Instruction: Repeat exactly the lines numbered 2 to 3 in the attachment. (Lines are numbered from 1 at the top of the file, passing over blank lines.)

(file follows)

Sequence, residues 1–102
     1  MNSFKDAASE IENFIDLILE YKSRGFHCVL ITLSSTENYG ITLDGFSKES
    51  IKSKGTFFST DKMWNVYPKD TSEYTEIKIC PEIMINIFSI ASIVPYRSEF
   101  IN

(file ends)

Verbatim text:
     1  MNSFKDAASE IENFIDLILE YKSRGFHCVL ITLSSTENYG ITLDGFSKES
    51  IKSKGTFFST DKMWNVYPKD TSEYTEIKIC PEIMINIFSI ASIVPYRSEF